One day after a terrorist bombing at a stadium in Manchester, England, the Cubs on Tuesday renewed their request for game day street closings around Wrigley Field — even after donating $1 million for 30 new surveillance cameras.
“We’ve been vocal about the need to shut down the streets around the ballpark as incidents like these have continued. We’ve seen them all over the world. We still believe that’s the right plan,” said Cubs spokesman Julian Green.
“This is not about any one particular incident. This is about ensuring one of the largest tourist attractions in the state is secure. With the installation of these new cameras, that will allow us to have eyes around the entire perimeter of the ballpark. That is a very huge step in strengthening ballpark security. But, we believe more can and should be done.”
Local Ald. Tom Tunney (44th) said he remains adamantly opposed to closing Addison and Clark on game days.
“It’s important that these streets remain open for the residents and businesses…We’ve got to pay attention to everybody—not just those inside the stadium. It’s people trying to get home from work. It’s the car repair business that can’t get cars in and out,” Tunney said.
The $1 million grant from the Cubs will be used to install 30 more surveillance cameras around Wrigley, thanks to authorization granted Tuesday by the City Council’s Budget Committee.
The cameras will be attached to city-owned light poles and tied to the network of 29,000 public and private cameras that’s the largest in the nation accessible from a single location: the 911 center headquarters of Chicago’s Office of Emergency Management and Communications.
Although the timing is eerie, Tunney said the camera expansion has actually been in the works for “at least a year”—long before a suicide bomber at an Ariana Grande concert at a Manchester stadium killed 22 people, many of them teenagers, and injured 59 others.
The new cameras are expected to be installed in the area bounded by inner Lake Shore Drive, Montrose, Belmont and Western, the alderman said. The Cubs and OEMC are also looking at installing cameras on the Addison and Irving Park exit ramps from the Kennedy Expy., he said.
“We’ve had an enhanced camera system around Wrigley Field for five or ten years funded through OEMC. This initiative is completely funded by the Cubs,” Tunney said.
“There’s three million people who visit that stadium. They want to make sure they’ve done their part to help the city increase camera presence around the stadium. It’s not a reaction to anything. It’s part of an overall strategy to keep our community safe. It can help, sure. Cameras are always an impediment to bad activity.”
Melissa Stratton, a spokesperson for the city’s Office of Emergency Management and Communications, said the additional cameras will “allow OEMC to monitor high-traffic areas in communities adjacent to the ballpark” and let 911 dispatchers “view additional areas of the city during an emergency incident.”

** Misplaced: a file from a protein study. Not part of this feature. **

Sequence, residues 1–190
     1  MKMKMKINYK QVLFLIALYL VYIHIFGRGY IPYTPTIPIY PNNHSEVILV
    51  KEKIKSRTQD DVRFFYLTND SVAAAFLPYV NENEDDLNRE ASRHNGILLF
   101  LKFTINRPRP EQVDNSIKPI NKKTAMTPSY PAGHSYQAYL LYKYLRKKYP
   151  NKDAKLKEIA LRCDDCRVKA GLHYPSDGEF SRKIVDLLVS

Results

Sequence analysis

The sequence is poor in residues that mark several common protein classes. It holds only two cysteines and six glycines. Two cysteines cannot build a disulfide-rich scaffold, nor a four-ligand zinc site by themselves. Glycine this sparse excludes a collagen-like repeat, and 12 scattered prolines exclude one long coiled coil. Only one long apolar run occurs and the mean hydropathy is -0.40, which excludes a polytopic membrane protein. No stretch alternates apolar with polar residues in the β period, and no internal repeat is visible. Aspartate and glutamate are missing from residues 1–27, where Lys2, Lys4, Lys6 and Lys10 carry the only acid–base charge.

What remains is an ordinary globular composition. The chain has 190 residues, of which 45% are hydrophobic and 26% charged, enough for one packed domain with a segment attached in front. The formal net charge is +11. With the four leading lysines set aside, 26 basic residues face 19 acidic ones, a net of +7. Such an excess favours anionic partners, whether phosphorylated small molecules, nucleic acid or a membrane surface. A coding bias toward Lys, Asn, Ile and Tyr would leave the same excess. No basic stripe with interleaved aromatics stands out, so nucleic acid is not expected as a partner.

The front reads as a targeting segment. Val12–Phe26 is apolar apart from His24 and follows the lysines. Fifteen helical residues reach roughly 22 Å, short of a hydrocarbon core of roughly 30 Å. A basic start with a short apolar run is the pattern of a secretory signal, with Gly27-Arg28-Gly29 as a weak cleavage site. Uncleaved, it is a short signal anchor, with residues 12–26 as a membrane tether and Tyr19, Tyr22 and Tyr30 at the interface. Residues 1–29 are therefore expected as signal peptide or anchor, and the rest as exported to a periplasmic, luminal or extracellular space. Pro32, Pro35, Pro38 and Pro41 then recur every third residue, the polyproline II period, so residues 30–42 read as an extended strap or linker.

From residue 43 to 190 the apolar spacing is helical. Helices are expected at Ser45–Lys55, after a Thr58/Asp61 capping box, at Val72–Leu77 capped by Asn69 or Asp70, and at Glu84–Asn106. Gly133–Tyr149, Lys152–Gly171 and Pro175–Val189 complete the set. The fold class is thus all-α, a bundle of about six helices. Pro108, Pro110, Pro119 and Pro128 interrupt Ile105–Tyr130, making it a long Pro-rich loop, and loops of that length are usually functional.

“We are confident that we have a strong plan in place to ensure the safety and security of fans and residents and we will continue to adjust resources as necessary to keep the public safe and to impact the community as minimally as possible. There are no plans for full street closures at this time,” Stratton wrote in an email.
Budget Committee Chairman Carrie Austin (34th) said the additional cameras will enhance public safety around the landmark home of the World Series champs.
“It’s a precaution because of so many bombings and things that’s going on around the world. … I’m glad to see it happening,” Austin said Tuesday.
“We’re a world-class city, so they would want to bomb any part of Chicago. I wouldn’t single out Wrigley…. We have three sports arenas: United Center, the Cubs and the Sox. All of those would be vulnerable to something like that. I’m glad they’re doing it. I wish the rest of the arenas would be able to do the same thing. Soldier Field as well.”
Austin said she has seen surveillance cameras around Guaranteed Rate Field, but “not in the magnitude that will be around Wrigley” after the expansion.
“If they are able to acquire a grant, they probably would get the same thing. But the Sox are not getting the pub that the Cubs are getting right now. And it’s not as congested as it is at Wrigley. And now, it’s gonna be more congested,” she said.
For years, the Cubs have been pressuring Mayor Rahm Emanuel to order the game-day shutdown of Addison and Clark.
The team renewed the street closure request earlier this year after a terrorist attack in London that saw five people killed and 40 others injured after an attacker drove a car into a crowd along Westminister Bridge near the British Parliament.
More recently, the Cubs were emboldened by the city of Boston’s decision to close the streets around Fenway Park.
Amid persistent opposition from Tunney and the Wrigleyville residents he represents, Emanuel has repeatedly slammed the door on street closures.
“Wrigley Field is situated right in the middle of a thriving community. We feel that the system we have in place is a good public safety mechanism to control the crowd and control the traffic. We’re comfortable with the position we’ve taken,” said Rich Guidice, first deputy director of OEMC.
Instead, of closing Addison and Clark on game days, Emanuel agreed to ban trucks from the streets around Wrigley — and sharply constrict traffic — to ramp up security for the home opener and the entire season.